# Integration by part with substitution

Question: Show that

\begin{align}u(x,t) &=c\sqrt{\frac{k}{\pi}}\int^t_0s^{-1/2}e^{-x^2/4ks}\,ds\\ &=c\sqrt{\frac{4kt}{\pi}}e^{-x^2/4kt}-cx\,\text{erfc}\frac{x}{\sqrt{4kt}}\end{align}

The book where the question is found gives a hint that "subtitute $\sigma=x/\sqrt{4ks}$ and then integrate by part". So here are my attempts and obstacles:

1. The substitute yields $d\sigma=-x/2\sqrt{4ks^3}\,ds$, but the original function lacks $s^{-1}$ in the integrand.
2. Immediate integration by part before substitution will make $s^{-1/2}$ to $s^{-3/2}$, but I don't know how can I integrate the other part. This action seems to contradict our reason of substitution.
3. I would like to write $$\text{erfc}\frac{x}{\sqrt{4kt}}=\frac{2}{\sqrt{\pi}}\int^\infty_{x/\sqrt{4kt}}e^{-s^2}\,ds$$ in form of $$A\int^\infty_tg(s)\,ds$$ to see if it makes things clearer. But it is unlikely.

I appreciate for any help.

## 2 Answers

$$u(x,t) =c\sqrt{\frac{k}{\pi}}\int^t_0s^{-1/2}e^{-x^2/4ks}\,ds=$$

With $s=x^2/(4k\sigma^2)$ and $ds=-(2x^2)/(4k\sigma^3)d\sigma$

$$=c\sqrt{\frac{k}{\pi}}\frac{2x}{\sqrt{4k}}\int^{x/\sqrt{4kt}}_{-\infty}-\sigma^{-2}e^{-\sigma^2}\,d\sigma$$

$\begin{cases} u=-e^{-\sigma^2}\;;du=2\sigma e^{-\sigma^2}d\sigma\\ dv=d\sigma/\sigma^2\;;v=-1/\sigma \end{cases}$

$$u(x,t)=c\frac{x}{\sqrt{\pi}}\left[\frac{e^{-\sigma^2}}{\sigma}\right]^{x/\sqrt{4kt}}_{-\infty}+cx\frac{2}{\sqrt{\pi}}\int^{x/\sqrt{4kt}}_{-\infty}e^{-\sigma^2}$$

$u=-\sigma$

$$\frac{2}{\sqrt{\pi}}\int^{x/\sqrt{4kt}}_{-\infty}e^{-\sigma^2}d\sigma=\frac{2}{\sqrt{\pi}}\int_{-x/\sqrt{4kt}}^{+\infty}e^{-u^2}du=-\frac{2}{\sqrt{\pi}}\int_{x/\sqrt{4kt}}^{+\infty}e^{-u^2}du=-\text{erfc}\left(\frac{x}{\sqrt{4kt}}\right)$$

$$u(x,t)=c\frac{x}{\sqrt{\pi}}\frac{e^{-x^2/4kt}}{x/\sqrt{4kt}}-cx\,\text{erfc}\left(\frac{x}{\sqrt{4kt}}\right)=$$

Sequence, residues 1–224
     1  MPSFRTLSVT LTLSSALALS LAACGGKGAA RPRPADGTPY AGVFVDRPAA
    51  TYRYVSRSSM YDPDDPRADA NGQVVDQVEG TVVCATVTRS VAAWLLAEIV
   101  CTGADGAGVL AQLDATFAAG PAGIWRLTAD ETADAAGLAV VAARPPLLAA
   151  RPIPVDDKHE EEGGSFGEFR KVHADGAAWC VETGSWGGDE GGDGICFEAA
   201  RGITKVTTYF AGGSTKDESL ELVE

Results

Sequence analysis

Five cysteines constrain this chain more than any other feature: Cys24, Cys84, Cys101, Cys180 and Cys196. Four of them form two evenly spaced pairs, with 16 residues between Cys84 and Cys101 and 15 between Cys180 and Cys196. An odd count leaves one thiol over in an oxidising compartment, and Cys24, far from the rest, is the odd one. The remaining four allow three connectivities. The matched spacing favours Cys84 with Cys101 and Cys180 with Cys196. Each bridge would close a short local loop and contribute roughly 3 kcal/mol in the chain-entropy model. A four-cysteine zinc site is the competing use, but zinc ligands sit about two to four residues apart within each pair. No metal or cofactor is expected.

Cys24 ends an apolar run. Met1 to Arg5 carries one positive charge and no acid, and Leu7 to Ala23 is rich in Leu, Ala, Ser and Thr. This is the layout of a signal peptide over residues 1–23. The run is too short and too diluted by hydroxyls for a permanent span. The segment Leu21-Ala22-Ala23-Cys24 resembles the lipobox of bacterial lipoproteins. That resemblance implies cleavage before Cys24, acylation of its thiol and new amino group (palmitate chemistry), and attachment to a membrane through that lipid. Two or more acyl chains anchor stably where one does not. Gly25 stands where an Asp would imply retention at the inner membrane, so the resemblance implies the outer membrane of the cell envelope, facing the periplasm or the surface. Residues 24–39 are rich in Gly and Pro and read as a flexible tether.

$$=c\sqrt{\frac{4kt}{\pi}}e^{-x^2/4kt}-cx\,\text{erfc}\left(\frac{x}{\sqrt{4kt}}\right)$$

I believe the hint does help you out, but you need an extra step in the substitution.

Applying the substitution in details gives you: $\sigma = \frac{x}{\sqrt{4k}}s^{-1/2}$, so then $\frac{\text{d}\sigma}{\text{d}s} = \frac{-1}{2} \frac{x}{\sqrt{4k}}s^{-3/2}$. This last term does not really match the factors we have in the integral so we cannot easily replace the $\text{d}s$ term by $\text{d}\sigma$. But we can rewrite it.

So we write $s^{-1/2} \sqrt{\frac{k}{x}} \text{d}s= (\frac{-1}{4} s^{-1} \frac{x^{3/2}}{k})^{-1}(\frac{-1}{4} s^{-1} \frac{x^{3/2}}{k}) s^{-1/2} \sqrt{\frac{k}{x}} \text{d}s = (\frac{-1}{4} s^{-1} \frac{x^{3/2}}{k})^{-1} \text{d} \sigma.$

Now notice that the correction term $(\frac{-1}{4} s^{-1} \frac{x^{3/2}}{k})^{-1} = (-\frac{1}{\sqrt{x}} \sigma^2)^{-1}$.

So then we get: $u(t,x) = \sqrt{x} c \int_{\dots}^{\dots} -\sigma^{-2}e^{-\sigma^2} \text{d} \sigma.$

Adjusting for the bounds gives us: $u(t,x) = \sqrt{x} c \int_{\frac{x}{\sqrt{4kt}}}^{\infty} -\sigma^{-2}e^{-\sigma^2} \text{d} \sigma.$

Now this is an integral we can integrate by parts which will result in some expression involving the error function. If you have any questions I can work it out later, but that is it basically. I hope I havent made any error, as I wrote this down very fast.